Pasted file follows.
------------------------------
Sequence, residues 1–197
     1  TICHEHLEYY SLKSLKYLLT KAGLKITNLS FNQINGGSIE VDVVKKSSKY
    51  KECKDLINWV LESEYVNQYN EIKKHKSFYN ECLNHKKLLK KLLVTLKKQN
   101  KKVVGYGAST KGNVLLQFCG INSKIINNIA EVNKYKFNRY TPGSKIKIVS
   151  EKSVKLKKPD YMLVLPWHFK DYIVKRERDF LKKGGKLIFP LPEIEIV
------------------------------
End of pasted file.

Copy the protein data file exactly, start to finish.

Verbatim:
Sequence, residues 1–197
     1  TICHEHLEYY SLKSLKYLLT KAGLKITNLS FNQINGGSIE VDVVKKSSKY
    51  KECKDLINWV LESEYVNQYN EIKKHKSFYN ECLNHKKLLK KLLVTLKKQN
   101  KKVVGYGAST KGNVLLQFCG INSKIINNIA EVNKYKFNRY TPGSKIKIVS
   151  EKSVKLKKPD YMLVLPWHFK DYIVKRERDF LKKGGKLIFP LPEIEIV